5 ‘green’ freebies in Philly

Living a sustainable lifestyle doesn’t have to be expensive to benefit the planet. Did you know that Philly has five programs to make environmental action accessible to you?


A garden at Smith Playground in South Philadelphia. (Kimberly Paynter/WHYY)

This story originally appeared on Green Philly.

Living a sustainable lifestyle doesn’t have to be expensive and mean you have to buy new things to benefit the planet. Did you know that Philadelphia has five programs to make environmental action accessible to you? Keep on reading to cash out these winnings.

1. Free Trees

Now that the seasons have changed and the weather’s warming up, the leaves have returned! Trees not only beautify our community, but trees provide a habitat for wildlife and absorb carbon dioxide to release oxygen.

In an urban setting where green spaces are quickly disappearing, trees are valuable and you can get them for free! You can request a free yard tree or street tree through Philadelphia’s Parks and Recreation program, TreePhilly.

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2. Free Rain Barrels

When it rains, it can pour and you can use all that excessive rainwater by storing it! Rain barrels are containers that connect to the downspout that catches stormwater runoff from your roof. By having a rain barrel, you can use that extra water to clean outside or to water your plants.

The Philadelphia Water Department offers rain barrels for free with no added cost for installation through their Rain Check program. Participants are only required to attend a workshop before they get the barrel installed. The barrels are low maintenance and you can find the action steps on their site.

If you want to go beyond the rain barrel, the Rain Check programs also the opportunity to take on projects like rain gardens, downspout planters, and permeable paving

3. Free Recycling Bins

We should also reduce and reuse before we recycle, and right now it feels like recycling is dead as we know it. Not all hope is lost! Philadelphia has a new recycling program with Waste Management that goes into effect in May, hopefully stopping half of our recyclables from being burned. For the items that you can’t reduce, reuse, or compost; recycle what’s left.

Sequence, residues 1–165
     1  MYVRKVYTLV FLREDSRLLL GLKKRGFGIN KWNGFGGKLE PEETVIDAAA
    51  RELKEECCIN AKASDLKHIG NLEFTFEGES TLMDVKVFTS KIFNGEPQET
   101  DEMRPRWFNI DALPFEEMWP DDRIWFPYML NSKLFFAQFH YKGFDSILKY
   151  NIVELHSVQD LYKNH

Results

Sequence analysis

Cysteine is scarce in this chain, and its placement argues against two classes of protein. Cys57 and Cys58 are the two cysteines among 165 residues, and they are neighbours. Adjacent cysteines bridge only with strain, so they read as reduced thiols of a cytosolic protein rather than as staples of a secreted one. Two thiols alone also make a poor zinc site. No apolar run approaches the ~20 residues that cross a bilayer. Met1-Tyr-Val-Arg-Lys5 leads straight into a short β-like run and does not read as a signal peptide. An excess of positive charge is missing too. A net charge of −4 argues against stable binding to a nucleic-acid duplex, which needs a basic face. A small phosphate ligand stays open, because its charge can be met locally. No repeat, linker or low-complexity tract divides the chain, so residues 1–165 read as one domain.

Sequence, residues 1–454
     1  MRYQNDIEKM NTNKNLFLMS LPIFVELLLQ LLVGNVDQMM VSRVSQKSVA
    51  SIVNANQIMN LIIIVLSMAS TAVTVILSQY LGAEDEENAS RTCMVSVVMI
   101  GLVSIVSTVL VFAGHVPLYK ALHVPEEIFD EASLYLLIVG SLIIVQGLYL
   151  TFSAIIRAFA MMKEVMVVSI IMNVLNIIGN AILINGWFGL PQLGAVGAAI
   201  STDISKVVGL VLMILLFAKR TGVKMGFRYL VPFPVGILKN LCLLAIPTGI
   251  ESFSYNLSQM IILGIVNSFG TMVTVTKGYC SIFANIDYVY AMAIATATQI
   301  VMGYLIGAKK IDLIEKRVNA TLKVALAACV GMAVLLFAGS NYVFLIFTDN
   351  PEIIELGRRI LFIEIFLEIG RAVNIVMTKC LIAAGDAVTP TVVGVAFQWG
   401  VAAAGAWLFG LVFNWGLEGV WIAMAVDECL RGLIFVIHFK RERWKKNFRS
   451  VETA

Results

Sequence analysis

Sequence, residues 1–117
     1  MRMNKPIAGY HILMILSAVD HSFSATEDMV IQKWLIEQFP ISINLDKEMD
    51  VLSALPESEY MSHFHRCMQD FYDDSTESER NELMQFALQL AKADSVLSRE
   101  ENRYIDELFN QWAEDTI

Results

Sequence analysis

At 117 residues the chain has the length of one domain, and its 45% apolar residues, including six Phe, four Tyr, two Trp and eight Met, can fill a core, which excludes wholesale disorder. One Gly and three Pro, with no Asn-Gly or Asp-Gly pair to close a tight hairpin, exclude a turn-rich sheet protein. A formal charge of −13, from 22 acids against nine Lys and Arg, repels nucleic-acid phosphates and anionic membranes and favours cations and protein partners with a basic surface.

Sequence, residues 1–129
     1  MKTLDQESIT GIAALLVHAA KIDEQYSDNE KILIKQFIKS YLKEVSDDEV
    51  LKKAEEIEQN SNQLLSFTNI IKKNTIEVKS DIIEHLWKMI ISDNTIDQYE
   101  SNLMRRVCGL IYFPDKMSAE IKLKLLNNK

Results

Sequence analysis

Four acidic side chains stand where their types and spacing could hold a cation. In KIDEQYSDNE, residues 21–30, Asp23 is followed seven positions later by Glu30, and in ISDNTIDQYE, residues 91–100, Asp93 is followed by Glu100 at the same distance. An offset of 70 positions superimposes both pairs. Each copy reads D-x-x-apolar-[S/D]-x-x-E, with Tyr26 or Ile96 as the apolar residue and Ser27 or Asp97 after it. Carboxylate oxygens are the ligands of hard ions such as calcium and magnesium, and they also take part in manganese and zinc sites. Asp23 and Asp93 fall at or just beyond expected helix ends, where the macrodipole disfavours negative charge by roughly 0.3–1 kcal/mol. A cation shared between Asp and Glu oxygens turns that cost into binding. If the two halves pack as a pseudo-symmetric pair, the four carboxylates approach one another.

If you don’t own a recycling bin, you can get one for free by request through the Philadelphia Streets Department. Check out our recycling guide to avoid contamination and wish-cycling.

4. Free compost (AKA organic materials)

Do you want to compost but need help getting started? You can get free screened leaf compost, mulch, wood chips, and other recyclable materials through the Fairmount Park Organic Recycling Center.

You can look back at one of our posts about how composting works for more information.

5. Stop junk mail: Free no-circular sticker

Circulars feel almost unavoidable in the city. You can come home after a long day and see takeout menus and flyers shoved into your door or mail slot. Not only is this creating more trash, but they often get blown into the streets. There is a way to stop it, though.

Add yourself to L&I’S “Non-Delivery” list. You can either download a form or call L&I at 215-686-2414 to have them mail it to you. Fill out the form and mail or fax it to them. Once processed, you will receive a sticker that you can post on your front door.

The effectiveness is up to you. It’s your responsibility to report each violator to L&I. Offenders would initially get a warning and a fine if it happens again. The cost of a fine acts as a deterrent.

Consider who you may be affecting, as some business may not even know they are breaking a law for the distribution whether out of ignorance or language barrier. If you feel the reporting is too hard, also try contacting the business directly and letting them know if they’re a repeat offender.

These may seem like small things, but every act can have a big impact. What other freebies do you know in Philly? Let us know below!

WHYY is one of 22 news organizations producing Broke in Philly, a collaborative reporting project on solutions to poverty and the city’s push towards economic justice. Follow us at @BrokeInPhilly.

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